The opening addresses were followed by thematic discussions. Dr. Taras Chukhlib spoke about the role of the Ukrainian Hetman state in international relations during the Great Northern War. He dwelled on the motives behind Mazepa’s decision in the context of the norms governing international relations in Europe during the 17th and 18th centuries. They required mutual military and political responsibility from rulers of different calibers (in this case, Peter I and Mazepa), rather than the blind subordination of one to the other. Dr. Chukhlib also noted that after the Battle of Poltava the Russian tsar viewed Ukraine as merely one of the provinces in the empire he was crafting rather than an autonomous Cossack state with its own system of self-government.

Swedish historian Kristian Gerner spoke on the topic “Ukraine and Sweden: Constructing a Shared History.” In his opinion, the Ukrainian Cossack state was an outpost of Europeanness on the territory of Eastern Europe, which was convincingly exemplified by the Ukrainian Baroque of the 17th and 18th centuries and the works of Lazar Baranovych. Mazepa found himself in a situation where he had no other way of defending the independent Ukrainian Cossack state except by doing what he did, said the Swedish historian. This is confirmed by data from Swedish archives, which, as Gerner stressed, are always open to Ukrainian researchers, and the younger generation is especially welcome to make use of them. Now that Ukraine is on its way to the community of democratic European states, new vistas for efficient cooperation in this area are opening up.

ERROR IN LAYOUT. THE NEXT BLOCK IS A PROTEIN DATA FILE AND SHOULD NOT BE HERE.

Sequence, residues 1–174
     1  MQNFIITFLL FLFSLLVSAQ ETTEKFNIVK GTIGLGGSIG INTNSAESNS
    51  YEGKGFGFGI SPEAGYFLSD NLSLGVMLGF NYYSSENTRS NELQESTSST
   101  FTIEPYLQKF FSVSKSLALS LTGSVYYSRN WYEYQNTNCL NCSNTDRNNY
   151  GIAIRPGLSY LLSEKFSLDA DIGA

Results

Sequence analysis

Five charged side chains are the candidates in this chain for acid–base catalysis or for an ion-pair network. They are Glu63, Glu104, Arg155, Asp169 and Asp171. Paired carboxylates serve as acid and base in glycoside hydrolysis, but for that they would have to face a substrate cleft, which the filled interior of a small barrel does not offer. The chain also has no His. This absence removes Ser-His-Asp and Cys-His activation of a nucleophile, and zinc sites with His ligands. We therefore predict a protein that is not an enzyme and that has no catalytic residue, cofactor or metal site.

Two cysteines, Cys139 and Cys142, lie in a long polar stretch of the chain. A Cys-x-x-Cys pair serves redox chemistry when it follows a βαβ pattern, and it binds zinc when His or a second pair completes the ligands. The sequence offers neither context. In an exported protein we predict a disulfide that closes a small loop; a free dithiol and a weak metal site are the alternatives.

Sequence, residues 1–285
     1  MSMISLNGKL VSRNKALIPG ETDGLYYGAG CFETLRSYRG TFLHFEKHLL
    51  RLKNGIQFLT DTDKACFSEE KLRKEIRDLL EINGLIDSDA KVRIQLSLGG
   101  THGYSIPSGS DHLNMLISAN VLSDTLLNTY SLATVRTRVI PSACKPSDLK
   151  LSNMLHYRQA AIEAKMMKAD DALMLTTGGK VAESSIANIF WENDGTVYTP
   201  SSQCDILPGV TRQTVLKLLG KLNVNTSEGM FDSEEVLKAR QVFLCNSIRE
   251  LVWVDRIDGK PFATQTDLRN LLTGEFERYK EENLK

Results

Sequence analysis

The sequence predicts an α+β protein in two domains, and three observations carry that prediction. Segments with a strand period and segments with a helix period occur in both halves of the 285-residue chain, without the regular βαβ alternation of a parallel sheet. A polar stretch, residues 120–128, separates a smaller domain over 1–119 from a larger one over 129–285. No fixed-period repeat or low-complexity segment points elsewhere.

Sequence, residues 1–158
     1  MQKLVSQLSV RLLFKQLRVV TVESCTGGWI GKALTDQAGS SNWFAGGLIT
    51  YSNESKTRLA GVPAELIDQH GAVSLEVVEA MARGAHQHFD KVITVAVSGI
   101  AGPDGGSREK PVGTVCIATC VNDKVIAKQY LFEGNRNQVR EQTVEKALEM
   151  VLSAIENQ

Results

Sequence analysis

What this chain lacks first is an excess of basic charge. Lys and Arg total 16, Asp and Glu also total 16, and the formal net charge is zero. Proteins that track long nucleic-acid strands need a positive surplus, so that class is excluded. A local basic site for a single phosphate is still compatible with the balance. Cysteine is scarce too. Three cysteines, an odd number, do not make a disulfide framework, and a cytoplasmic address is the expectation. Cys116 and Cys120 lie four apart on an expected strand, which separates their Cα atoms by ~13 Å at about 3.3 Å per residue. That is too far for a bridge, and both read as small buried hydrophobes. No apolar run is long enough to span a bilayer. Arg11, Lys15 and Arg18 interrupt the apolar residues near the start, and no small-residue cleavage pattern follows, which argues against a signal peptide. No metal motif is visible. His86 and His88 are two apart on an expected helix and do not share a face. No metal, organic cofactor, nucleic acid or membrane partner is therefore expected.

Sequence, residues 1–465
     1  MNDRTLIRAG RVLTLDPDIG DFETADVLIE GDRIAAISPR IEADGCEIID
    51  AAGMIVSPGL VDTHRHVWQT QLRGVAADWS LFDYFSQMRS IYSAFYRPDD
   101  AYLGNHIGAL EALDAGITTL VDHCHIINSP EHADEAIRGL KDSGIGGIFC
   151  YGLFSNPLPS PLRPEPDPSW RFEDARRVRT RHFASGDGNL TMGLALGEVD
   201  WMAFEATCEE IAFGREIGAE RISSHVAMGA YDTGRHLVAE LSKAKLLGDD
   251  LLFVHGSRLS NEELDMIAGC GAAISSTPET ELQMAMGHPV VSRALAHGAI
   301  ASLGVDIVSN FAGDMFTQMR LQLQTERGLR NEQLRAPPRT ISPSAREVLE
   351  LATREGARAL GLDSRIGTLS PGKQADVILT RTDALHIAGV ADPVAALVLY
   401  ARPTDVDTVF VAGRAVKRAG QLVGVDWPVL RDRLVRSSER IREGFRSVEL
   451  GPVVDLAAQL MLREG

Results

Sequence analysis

“Ivan Mazepa made an outstanding contribution to the creation of the Russian Empire by maintaining close ties to Peter I for 18 years and acting as his closest adviser for military, diplomatic, and even ecclesiastical affairs, until such time as the interests of the Ukrainian Hetmanate (to be more precise, its ruling military elite-I.S.) and the emergent Russian Empire went their separate ways once and for all.” This paradoxical, and even tragic, thesis was voiced by Tatiana Tairova-Yakovleva, who spoke on the topic “Ivan Mazepa and the Russian Empire.”

This noted Russian historian said that the fact that Mazepa was effectively a hostage to the rapidly changing situation in Russia played a fatal role in his life. In the fall of 1708, when Charles XII’s troops were advancing into the territory of the Hetmanate, Mazepa, who was acknowledged by Peter I as second in rank in the whole empire after Chancellor Fedor Golovin, and who played an extremely important role in his accession to power in 1689, found himself in a dire predicament.

This tragic situation was observed in the subsequent history of Ukraine many more times: before openly speaking in favor of an independent Ukrainian state, prominent Ukrainian statesmen were forced to serve the interests of a country that was alien, if not loathsome, to them. They often did so in a brilliant and professional way for decades, thereby undermining their fellow countrymen’s trust in them. See Tatiana Tairova-Yakovleva’s interview with The Day in the current issue.